cover image Daddy Doesn't Have to Be a Giant Anymore

Daddy Doesn't Have to Be a Giant Anymore

Jane Resh Thomas. Clarion Books, $14.95 (0pp) ISBN 978-0-395-69427-5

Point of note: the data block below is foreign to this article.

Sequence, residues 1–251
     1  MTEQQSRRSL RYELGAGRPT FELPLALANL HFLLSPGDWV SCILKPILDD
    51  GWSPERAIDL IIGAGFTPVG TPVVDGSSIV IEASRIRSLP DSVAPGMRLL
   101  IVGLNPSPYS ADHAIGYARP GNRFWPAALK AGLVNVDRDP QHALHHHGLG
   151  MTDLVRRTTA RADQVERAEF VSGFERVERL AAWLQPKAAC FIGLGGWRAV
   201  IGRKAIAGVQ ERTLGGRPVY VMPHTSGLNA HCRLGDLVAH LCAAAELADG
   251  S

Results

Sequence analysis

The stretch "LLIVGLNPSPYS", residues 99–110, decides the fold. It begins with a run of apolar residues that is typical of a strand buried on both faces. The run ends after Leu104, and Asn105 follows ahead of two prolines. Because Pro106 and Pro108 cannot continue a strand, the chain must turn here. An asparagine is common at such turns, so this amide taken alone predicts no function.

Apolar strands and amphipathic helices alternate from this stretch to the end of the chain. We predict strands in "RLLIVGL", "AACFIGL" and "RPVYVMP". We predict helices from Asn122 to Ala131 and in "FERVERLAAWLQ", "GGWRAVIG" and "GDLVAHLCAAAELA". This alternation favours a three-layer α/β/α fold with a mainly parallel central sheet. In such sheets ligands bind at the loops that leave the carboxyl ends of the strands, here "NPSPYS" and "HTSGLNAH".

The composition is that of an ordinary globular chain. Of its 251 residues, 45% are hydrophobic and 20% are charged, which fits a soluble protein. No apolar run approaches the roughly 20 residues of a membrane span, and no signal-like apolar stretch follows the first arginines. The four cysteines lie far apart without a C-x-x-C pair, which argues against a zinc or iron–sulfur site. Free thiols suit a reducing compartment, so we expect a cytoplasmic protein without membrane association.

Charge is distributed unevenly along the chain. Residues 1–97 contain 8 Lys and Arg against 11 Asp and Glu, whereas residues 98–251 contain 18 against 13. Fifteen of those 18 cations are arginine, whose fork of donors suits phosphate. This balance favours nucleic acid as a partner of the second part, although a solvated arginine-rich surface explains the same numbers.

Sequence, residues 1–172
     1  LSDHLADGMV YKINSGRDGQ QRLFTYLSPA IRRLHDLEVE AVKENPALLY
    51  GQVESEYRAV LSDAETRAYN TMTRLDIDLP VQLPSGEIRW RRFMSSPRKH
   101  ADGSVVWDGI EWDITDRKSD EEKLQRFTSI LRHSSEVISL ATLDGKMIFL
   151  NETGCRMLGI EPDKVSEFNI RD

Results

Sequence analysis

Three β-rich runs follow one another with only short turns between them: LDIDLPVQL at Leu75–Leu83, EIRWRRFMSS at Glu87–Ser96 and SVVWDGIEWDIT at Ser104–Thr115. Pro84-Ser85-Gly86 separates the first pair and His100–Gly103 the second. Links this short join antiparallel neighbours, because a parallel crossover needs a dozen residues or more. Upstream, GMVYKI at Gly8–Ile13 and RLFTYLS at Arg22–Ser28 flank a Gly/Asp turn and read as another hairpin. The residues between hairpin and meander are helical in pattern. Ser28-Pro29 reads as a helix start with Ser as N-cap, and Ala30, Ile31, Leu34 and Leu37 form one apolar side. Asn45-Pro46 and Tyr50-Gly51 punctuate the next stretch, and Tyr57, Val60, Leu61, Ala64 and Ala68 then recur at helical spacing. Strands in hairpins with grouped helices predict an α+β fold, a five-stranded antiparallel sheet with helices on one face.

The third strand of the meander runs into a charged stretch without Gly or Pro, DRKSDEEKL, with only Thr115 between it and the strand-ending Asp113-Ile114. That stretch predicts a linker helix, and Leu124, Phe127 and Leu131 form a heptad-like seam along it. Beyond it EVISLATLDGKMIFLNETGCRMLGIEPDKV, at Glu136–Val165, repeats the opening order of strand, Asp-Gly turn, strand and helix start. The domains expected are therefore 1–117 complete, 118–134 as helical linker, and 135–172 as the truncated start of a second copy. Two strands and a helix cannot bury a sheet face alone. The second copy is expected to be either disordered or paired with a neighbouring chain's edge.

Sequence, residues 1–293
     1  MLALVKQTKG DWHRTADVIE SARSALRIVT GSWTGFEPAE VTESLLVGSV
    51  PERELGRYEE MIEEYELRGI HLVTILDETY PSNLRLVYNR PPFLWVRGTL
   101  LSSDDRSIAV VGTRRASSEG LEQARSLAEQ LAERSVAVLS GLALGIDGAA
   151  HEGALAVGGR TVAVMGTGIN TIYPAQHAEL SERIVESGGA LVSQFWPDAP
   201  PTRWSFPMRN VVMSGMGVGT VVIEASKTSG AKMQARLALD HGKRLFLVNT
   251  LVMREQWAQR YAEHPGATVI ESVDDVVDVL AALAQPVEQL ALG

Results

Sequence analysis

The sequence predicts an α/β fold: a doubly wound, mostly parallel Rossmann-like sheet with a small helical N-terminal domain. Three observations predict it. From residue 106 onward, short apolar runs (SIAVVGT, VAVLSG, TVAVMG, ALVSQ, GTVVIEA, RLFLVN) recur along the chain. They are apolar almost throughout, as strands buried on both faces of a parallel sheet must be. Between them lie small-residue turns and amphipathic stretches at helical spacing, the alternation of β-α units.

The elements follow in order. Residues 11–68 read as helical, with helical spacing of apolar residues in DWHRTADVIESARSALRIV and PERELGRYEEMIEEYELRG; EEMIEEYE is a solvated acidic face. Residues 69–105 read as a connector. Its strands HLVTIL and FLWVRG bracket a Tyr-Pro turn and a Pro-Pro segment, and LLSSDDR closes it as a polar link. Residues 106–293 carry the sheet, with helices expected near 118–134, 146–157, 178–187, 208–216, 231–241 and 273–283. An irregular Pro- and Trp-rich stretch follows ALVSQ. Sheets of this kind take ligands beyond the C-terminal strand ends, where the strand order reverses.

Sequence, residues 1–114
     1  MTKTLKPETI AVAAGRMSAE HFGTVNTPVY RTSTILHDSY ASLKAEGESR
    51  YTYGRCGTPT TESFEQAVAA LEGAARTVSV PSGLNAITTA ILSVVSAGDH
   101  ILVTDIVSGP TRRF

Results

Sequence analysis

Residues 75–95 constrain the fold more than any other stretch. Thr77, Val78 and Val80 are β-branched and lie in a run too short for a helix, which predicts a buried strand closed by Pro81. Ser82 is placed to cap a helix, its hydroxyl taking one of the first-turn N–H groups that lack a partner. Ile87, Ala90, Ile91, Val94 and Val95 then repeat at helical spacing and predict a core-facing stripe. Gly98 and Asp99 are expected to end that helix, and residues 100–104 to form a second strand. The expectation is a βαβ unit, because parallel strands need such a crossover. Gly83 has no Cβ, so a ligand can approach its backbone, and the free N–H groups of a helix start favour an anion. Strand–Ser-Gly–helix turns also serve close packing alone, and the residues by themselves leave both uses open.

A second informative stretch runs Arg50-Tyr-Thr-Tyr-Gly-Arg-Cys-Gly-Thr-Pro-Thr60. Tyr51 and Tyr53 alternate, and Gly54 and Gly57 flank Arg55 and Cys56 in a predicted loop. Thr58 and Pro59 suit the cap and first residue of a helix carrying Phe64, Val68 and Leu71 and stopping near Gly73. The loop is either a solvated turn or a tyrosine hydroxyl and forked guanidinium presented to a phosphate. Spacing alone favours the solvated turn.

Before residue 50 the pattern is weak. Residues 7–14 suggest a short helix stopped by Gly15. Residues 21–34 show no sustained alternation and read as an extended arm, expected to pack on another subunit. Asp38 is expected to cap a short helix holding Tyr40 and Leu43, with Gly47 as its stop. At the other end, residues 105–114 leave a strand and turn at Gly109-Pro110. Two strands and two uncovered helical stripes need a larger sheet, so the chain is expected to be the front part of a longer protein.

Although you wouldn't know it from either the title or the cover illustration, this book--like Richard Langsen's and Nicole Rubel's When Someone in the Family Drinks Too Much (Children's Forecasts, June 17)--tackles the subject of a parent's alcoholism and its impact on children. Where Langsen and Rubel offer a comprehensive discussion and take a bracingly candid approach, Resh and Sewall (previously paired for Saying Goodbye to Grandma), focus more narrowly and more softly, describing one family's struggles from a young daughter's point of view. As long as Daddy doesn't sneak into the garage to drink whiskey, he's good company--the narrator recalls rocking on the porch swing, gardening together and going on family outings to the park. But he's downright scary when he's drinking and starts acting ""like an angry giant."" After a painful summer, Mommy convenes friends and family (the narrator included) and they hold an intervention, successfully convincing Daddy to seek treatment. Thomas probes the girl's tangle of feelings gracefully and sensitively; Sewall's equally graceful watercolors, with their slightly smudged lines and cheerful palette, help take the edge off the grim subject while implicitly reminding readers that alcoholism strikes ""normal"" families too. Ages 5-9. (Aug.)